Apple posts new notice saying Samsung didn't copy iPad on UK websiteAs required by a court ruling, Apple within 48 hours updated the front page of its website in the U.K. to say Samsung's Galaxy tablet computers did not copy the design of the iPad.
At the bottom of the page, Apple's statement in a large font size tells visitors that its previous legal notice, published on Oct. 25, was "inaccurate and did not comply with the order of the Court of Appeal of England and Wales." It includes a link to the new, full, correct statement.
Like the previous post, the full text is featured on a blank white webpage with no images, though links to judgements are included. It acknowledges that the Galaxy Tab 10.1, Tab 8.9 and Tab 7.7 co not infringe on Apple's Community registered design No. 0000181607-0001.
The last statement included a quote from Judge Colin Birss who said in court that Samsung's devices were "not as cool" as Apple's. But that statement and its placement on Apple's website were found to be in breach of the original order, and the court ordered Apple on Thursday to revise it within 48 hours.
The new statement is required to remain on the front page of Apple's U.K. website until December 14. The revised statement was required to have at least 11-point font.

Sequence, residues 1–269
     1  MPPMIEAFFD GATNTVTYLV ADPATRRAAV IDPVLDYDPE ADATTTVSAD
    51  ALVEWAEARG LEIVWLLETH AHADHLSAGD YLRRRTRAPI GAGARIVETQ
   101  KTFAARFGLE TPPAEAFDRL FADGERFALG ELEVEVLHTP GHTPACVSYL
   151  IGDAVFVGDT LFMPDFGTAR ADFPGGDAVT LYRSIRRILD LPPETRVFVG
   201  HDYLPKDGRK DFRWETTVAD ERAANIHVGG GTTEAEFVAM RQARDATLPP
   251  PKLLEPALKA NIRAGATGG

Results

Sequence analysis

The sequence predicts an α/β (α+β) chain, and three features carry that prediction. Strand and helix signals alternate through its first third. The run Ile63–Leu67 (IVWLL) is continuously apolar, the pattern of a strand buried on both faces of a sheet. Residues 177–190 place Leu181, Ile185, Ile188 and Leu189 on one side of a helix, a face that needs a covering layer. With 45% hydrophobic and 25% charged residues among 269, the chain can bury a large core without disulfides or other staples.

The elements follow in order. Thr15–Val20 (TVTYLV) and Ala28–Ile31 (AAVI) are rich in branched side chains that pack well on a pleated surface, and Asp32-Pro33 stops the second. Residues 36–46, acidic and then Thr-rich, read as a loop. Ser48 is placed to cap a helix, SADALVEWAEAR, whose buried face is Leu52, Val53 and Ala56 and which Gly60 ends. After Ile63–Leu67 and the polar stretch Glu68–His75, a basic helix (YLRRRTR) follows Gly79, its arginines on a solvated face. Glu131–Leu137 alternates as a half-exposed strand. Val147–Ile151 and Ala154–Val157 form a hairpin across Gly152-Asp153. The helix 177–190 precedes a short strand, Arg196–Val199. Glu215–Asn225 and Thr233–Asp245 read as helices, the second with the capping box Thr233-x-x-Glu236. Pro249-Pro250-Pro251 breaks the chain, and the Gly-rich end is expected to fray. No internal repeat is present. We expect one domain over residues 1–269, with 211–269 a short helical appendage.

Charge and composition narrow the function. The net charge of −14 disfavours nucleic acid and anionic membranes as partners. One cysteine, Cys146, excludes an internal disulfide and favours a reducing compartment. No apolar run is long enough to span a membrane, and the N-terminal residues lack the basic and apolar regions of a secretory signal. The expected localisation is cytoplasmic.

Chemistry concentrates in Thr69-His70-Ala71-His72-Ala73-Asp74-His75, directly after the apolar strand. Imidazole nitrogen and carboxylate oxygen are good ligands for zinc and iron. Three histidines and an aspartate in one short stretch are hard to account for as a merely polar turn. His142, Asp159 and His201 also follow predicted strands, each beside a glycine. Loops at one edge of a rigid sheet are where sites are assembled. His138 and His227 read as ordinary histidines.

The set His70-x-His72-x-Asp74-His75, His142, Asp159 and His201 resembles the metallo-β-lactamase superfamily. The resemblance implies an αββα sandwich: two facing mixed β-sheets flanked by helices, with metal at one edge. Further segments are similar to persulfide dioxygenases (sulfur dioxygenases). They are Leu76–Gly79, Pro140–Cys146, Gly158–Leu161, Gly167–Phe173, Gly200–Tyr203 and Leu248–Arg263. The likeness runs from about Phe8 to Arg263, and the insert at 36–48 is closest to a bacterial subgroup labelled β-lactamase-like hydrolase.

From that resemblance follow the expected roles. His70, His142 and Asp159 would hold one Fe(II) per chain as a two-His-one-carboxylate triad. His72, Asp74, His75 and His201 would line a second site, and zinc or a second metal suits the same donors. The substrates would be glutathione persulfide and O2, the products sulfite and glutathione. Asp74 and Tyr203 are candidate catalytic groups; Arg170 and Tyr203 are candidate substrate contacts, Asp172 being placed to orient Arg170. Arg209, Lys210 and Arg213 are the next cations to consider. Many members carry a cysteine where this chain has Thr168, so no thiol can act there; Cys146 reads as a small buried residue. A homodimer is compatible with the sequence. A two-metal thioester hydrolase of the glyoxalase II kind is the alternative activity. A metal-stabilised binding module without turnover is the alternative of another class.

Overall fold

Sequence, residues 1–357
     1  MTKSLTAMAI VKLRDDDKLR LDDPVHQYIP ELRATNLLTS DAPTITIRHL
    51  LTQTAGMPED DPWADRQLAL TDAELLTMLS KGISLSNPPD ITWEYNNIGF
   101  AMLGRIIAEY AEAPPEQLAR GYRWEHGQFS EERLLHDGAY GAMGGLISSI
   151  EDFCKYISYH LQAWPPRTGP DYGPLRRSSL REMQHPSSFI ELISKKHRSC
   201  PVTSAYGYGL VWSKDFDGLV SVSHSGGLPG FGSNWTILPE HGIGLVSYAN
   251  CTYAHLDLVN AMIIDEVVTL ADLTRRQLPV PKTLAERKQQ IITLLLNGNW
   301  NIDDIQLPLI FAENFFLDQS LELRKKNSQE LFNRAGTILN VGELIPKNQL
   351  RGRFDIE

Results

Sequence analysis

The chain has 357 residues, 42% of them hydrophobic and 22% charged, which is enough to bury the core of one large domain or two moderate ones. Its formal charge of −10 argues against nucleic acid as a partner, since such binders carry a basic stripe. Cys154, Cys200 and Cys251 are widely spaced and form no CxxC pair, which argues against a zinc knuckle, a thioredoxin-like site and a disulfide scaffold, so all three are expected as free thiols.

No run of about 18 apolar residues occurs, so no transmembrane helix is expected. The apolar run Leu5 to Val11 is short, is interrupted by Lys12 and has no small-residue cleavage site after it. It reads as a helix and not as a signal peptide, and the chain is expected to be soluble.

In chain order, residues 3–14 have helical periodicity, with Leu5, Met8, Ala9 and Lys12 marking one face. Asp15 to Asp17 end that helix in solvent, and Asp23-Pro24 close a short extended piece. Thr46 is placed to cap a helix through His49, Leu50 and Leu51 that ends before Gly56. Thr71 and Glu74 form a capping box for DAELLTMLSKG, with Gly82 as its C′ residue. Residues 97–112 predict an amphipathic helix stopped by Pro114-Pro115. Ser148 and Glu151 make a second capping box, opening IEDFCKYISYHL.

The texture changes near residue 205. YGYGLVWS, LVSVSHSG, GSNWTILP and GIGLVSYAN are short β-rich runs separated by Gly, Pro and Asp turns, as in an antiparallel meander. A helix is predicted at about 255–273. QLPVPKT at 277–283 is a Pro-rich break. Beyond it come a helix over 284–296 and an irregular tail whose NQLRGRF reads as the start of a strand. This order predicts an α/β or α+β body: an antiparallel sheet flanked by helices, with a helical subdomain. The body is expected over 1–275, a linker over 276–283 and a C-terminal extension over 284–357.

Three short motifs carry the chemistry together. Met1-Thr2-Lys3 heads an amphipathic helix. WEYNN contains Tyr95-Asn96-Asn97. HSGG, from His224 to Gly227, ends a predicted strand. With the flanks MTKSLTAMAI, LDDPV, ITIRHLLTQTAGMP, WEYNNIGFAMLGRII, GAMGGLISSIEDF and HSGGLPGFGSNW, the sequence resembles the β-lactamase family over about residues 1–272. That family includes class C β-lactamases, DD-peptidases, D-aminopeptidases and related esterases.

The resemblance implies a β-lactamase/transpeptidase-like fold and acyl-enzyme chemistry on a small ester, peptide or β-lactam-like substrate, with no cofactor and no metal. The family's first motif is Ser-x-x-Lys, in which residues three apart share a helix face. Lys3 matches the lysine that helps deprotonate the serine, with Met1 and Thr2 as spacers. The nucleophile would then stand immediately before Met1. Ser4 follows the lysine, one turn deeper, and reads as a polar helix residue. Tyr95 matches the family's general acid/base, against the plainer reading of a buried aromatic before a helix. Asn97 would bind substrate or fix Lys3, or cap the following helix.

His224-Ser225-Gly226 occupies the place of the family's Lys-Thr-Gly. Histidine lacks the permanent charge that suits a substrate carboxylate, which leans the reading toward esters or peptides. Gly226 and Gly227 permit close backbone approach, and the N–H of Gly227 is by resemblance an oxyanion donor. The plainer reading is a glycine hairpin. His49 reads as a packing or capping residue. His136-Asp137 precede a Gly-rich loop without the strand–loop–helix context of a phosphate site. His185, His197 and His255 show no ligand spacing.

The full revised statement is included below:
Samsung / Apple UK judgment
On 9 July 2012 the High Court of Justice of England and Wales ruled that Samsung Electronic (UK) Limiteds Galaxy Tablet Computers, namely the Galaxy Tab 10.1, Tab 8.9 and Tab 7.7 do not infringe Apples Community registered design No. 0000181607-0001. A copy of the full judgment of
the High Court is available from www.bailii.org/ew/cases/EWHC/Patents/2012/1882.html.
That Judgment has effect throughout the European Union and was upheld by the Court of Appeal of England and Wales on 18 October 2012. A copy of the Court of Appeals judgment is available from www.bailii.org/ew/cases/EWCA/Civ/2012/1339.html. There is no injunction in respect of the Community registered design in force anywhere in Europe.